M’sian Grammarian Fights Against The Switch From Bahasa Melayu to Bahasa Malaysia

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Professor Emeritus Datuk Asmah Omar

Malay language expert Professor Emeritus Datuk Asmah Omar said yesterday that the name Bahasa Melayu should not be substituted with Bahasa Malaysia.

At the International Symposium on Bahasa Melayu, the Malay grammarian said that changing the name of the language would completely erase its history.

She went on to say that the name of a language is significant since it contains information about its history, ethnic background, origin, and time span of usage.

“If Bahasa Melayu is replaced with another name, such as Bahasa Malaysia, then it will erase its origins and history,” stresses the expert during her speech at the Wisma Dewan Bahasa dan Pustaka yesterday.

This statement is supported by the fact that many countries around the world are still dealing with the effects of colonialism.

Currently, over 573 languages have been reported to have gone extinct.

The sacred language of Jainism, Buddhism, and Sikhism, known as Sanskrit, went extinct following the conclusion of the Muslim confinement and as soon as the British ruled over India.

Sanskrit text

Across the world, after the fall of the Temple in Jerusalem and the dispersal of the Israelites throughout Europe and North Africa, Biblical Hebrew began to see its demise.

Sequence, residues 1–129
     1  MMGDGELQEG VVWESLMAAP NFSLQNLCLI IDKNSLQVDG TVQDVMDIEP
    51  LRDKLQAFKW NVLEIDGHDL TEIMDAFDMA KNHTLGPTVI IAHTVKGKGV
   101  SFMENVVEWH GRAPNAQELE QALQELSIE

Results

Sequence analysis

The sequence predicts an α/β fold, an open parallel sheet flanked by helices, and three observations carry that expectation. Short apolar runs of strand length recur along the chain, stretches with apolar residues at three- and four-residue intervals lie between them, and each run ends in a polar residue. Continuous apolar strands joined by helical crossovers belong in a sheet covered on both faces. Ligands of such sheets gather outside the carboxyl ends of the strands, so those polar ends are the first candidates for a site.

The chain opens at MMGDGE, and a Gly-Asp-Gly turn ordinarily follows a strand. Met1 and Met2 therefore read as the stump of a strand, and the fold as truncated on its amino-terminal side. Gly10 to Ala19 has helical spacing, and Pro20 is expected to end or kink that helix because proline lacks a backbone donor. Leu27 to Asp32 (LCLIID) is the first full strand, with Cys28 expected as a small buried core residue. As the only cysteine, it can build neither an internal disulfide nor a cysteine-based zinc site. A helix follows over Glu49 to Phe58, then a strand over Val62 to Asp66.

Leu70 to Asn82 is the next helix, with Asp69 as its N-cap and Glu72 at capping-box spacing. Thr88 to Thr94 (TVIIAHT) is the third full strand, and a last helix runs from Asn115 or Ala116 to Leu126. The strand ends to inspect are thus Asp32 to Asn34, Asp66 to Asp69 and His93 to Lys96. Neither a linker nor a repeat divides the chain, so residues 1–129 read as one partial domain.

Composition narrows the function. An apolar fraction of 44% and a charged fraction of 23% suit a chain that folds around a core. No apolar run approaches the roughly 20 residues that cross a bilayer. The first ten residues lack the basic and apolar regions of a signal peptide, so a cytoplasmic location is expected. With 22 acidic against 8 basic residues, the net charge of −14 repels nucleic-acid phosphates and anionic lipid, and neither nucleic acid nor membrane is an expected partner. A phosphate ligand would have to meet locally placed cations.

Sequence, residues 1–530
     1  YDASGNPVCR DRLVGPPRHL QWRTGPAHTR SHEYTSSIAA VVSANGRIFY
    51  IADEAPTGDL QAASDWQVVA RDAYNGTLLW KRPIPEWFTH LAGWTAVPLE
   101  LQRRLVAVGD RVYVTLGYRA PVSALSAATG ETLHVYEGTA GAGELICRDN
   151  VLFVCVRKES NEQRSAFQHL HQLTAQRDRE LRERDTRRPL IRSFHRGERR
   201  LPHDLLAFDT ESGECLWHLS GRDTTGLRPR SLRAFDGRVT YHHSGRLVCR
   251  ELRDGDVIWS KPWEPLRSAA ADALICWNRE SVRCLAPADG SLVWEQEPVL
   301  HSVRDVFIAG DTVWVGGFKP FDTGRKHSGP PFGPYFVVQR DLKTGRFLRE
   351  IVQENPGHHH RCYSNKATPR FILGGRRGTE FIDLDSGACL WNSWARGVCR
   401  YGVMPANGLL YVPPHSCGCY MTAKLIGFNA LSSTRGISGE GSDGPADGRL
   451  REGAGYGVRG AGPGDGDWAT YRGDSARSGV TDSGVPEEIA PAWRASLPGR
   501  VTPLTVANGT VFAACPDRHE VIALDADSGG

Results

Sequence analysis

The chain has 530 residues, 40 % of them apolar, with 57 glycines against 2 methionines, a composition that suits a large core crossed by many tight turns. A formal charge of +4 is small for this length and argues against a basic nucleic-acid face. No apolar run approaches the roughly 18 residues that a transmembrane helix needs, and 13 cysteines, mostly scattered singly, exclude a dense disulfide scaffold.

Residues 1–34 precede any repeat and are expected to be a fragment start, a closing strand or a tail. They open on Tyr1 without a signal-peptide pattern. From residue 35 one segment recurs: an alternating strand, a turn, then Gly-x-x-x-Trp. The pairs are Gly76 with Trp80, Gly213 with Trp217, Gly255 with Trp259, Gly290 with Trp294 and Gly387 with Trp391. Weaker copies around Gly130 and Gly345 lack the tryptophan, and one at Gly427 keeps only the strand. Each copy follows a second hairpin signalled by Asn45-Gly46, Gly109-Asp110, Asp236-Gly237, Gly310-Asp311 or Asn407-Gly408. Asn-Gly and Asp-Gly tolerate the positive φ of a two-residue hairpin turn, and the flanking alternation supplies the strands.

All of these languages were widely spoken at one point in history, but they are hard to understand now.

If Bahasa Melayu is not adequately conserved, it is not impossible that it will face the same fate.

Interestingly, Professor Emeritus Datuk Asmah Omar also said that the term “Bahasa Malaysia” didn’t fit with what the Malay kings wanted.

“The use of the name Bahasa Malaysia which was not in accordance with the will of the Malay kings was used for only a short period of time with the aim of returning peace after the events of May 13, 1969,” she concluded.

The symposium was organised by the Prime Minister’s Office, Dewan Bahasa dan Pustaka, Institut Alam dan Tamadun Melayu, and Universiti Kebangsaan Malaysia.

Prime Minister, Datuk Seri Ismail Sabri Yaakob

It coincided with Prime Minister Datuk Seri Ismail Sabri Yaakob’s wish for the Malay language to be utilised as Asean’s lingua franca.